Sure, I may live tucked up in a corner of the world where people believe baby moose are toting rainbow flags around, and the Prime Minister is seen internationally as some kind of dreamboat ideal of a leader, the pressure of living in the world right now still gets to me. I try to stay positive, knowing that I know reasonable Americans who will vote with their minds and hearts instead of just their pique, and that the U.K. has a history of getting itself out of shit situations, grumbling all the way. I can be angry and sad and mourn, but there’s not a whole lot I can do about international terrorism as the mediocre manager of a cinema in my mostly safe city. I continue to exist and have nothing new to add to the conversation about society going to hell in a handbasket.
But I think that when things really fall apart, and we’re all living in the forest again, I’m going to become seriously basic. Not the programming language. Not some kind of euphemism for being all back-to-the-land. Just straight-up, bad-comedy-sketch-from-five-years-ago, basic bitch.
Yesterday, despite not having a day pass, I decided to brighten up my wee universe by stopping outside the Bluesfest gates to hear a bit of the Monkees set. There were about 30 other cheapskates there with me and, aside from a couple of actual children, I was the youngest by decades. It was nearly great. I could hear the crowd singing along. They played ‘The Porpoise Song’, which is from the fantastic soundtrack to Head. But Mike was not there, which was disappointing because many of his songs are my favourites. (Peter singing ‘What Am I Doing Hanging ‘Round’ was somehow fine, and yet absolutely not.)
On my way out, satisfied in my decision not to spend the $70 to see two Monkees from a slightly better angle, I was cycling along the pathway along Scott Street, against the flow of people heading to the festival. A lot of people weren’t staying on their side of the path’s diving line until quite late (well done, humans, ‘There’s a bicycle coming this way, but I’ll just keep walking at it’), so I was biking at a snail’s pace and meandering around people and saying ‘Excuse me’ quite a lot, and quite loudly.
The crowds started to thin a bit near Bayview Station, and a pack of highlit, possibly actually lit, young women dressed virtually identically in cutoffs and tank tops, passed me, largely paying attention to the dividing line. A frickin’ Bluesfest miracle.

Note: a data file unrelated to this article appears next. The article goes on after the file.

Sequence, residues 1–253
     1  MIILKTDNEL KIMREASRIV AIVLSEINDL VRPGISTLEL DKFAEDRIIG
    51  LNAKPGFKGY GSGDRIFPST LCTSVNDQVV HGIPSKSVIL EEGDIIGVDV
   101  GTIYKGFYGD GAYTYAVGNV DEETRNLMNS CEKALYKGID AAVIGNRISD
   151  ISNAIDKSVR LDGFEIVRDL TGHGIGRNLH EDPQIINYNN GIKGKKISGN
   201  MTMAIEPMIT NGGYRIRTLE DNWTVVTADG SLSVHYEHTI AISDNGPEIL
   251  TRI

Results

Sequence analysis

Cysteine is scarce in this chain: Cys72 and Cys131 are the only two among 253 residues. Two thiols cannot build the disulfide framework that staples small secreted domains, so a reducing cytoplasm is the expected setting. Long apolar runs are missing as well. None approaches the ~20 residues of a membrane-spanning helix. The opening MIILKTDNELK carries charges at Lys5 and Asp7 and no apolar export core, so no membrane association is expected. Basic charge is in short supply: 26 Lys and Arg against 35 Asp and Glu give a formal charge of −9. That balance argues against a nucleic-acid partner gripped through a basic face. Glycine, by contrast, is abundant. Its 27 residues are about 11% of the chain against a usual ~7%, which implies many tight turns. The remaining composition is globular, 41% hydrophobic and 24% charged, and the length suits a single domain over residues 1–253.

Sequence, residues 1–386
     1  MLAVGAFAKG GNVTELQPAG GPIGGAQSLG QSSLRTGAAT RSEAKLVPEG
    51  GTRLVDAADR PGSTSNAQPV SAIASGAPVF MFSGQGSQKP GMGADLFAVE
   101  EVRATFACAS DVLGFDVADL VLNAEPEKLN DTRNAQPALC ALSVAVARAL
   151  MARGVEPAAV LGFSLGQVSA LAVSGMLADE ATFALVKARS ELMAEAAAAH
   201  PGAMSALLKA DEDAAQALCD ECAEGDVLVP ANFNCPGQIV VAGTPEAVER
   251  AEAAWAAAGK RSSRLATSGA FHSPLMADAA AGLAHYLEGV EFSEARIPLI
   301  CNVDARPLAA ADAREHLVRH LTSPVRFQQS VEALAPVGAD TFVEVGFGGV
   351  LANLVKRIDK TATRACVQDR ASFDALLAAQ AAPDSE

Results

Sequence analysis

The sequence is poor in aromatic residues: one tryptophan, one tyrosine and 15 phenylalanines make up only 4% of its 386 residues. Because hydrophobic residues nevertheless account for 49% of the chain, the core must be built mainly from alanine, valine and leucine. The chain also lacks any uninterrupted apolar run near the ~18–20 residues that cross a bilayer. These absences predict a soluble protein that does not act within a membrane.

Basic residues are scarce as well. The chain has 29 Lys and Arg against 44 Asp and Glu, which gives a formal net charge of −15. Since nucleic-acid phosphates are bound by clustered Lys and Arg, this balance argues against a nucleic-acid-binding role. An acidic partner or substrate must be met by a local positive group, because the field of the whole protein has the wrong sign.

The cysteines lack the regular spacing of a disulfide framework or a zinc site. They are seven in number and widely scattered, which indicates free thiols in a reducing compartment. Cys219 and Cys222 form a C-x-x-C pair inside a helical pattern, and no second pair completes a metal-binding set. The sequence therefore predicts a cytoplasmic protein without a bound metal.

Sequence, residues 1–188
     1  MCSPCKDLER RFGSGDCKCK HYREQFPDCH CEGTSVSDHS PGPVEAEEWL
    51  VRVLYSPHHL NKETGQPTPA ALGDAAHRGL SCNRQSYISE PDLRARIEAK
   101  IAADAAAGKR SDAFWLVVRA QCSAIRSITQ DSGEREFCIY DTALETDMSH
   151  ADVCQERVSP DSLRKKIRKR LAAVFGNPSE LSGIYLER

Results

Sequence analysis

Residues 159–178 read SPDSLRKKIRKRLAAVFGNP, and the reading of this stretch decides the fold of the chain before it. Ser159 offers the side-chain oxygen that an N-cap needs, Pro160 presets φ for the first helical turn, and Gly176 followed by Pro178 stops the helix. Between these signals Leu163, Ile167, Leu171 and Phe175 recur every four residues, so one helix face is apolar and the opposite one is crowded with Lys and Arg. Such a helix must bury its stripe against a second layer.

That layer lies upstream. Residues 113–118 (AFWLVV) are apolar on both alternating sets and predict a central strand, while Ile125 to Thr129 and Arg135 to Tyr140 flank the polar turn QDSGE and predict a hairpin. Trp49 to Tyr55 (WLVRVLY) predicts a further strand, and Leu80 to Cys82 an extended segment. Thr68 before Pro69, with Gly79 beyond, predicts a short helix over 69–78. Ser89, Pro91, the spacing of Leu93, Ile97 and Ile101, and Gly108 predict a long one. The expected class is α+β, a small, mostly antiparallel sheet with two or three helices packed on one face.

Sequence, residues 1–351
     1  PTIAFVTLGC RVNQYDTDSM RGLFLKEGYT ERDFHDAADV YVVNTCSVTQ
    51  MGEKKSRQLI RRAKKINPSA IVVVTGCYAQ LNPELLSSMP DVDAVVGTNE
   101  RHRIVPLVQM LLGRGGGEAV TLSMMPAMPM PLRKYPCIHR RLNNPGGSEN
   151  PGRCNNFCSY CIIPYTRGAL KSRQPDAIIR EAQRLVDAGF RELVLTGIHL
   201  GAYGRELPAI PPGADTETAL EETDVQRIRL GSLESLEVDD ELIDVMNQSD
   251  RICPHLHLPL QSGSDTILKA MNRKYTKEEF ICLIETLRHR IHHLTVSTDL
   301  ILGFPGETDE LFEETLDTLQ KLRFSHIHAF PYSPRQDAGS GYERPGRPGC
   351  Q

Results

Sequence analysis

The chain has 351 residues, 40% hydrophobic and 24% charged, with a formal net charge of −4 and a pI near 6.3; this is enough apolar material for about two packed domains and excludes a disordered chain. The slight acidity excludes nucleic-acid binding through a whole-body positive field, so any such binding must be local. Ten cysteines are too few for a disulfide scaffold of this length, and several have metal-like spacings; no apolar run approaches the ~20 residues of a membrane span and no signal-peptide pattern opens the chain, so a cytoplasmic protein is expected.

Until one, probably drunker than the rest and stumble-walking with a mate, PUSHED HER FRIEND into my path, laughing.
I swerved, nearly into the gravel, and the friend got her footing back.
Now, normally, in this kind of situation, I would just say ‘UGH’ or yell ‘CAREFUL’, roll my eyes, and move on, wondering how many idiots have nearly been killed by me via their own (or, in this case, their friend’s) stupidity this week. (At least one a day on the Laurier bike lane. It’s part of the road. Look both ways before stepping onto it, dummies.)
This time, though, I was livid. I wanted to scream something really cutting, something clever, and something profane, something that really emphasised how dangerous pushing someone in front of even a slow cyclist is.
But my stressed out, beaten-down-from-weeks-of-strife-elsewhere brain had other, miswired ideas.
So, instead, I yelled ‘COULD YOU FUCKING NOT?!’
What. On. Earth.
ved NEVER said this in my life unironically. Hell, it’s possible that this utterance had never passed my lips ever. I don’t get into altercations often/ever and, raised on a steady diet of Bond films, Monty Python, Douglas Adams, Jane Austen, and Ab Fab, I always thought I’d be great at devastating comebacks.
Not so much.
However, since I was speaking their language, Pushy and Pushee looked up at me, saw my fury, and wandered off (well, Pushy had her hackles up, Pushee dragged her away) muttering ‘What the fuck?’ (Which, in the end, is probably what I should have actually said, but at full volume) and ‘What’s her problem?’ (Oh, where to begin).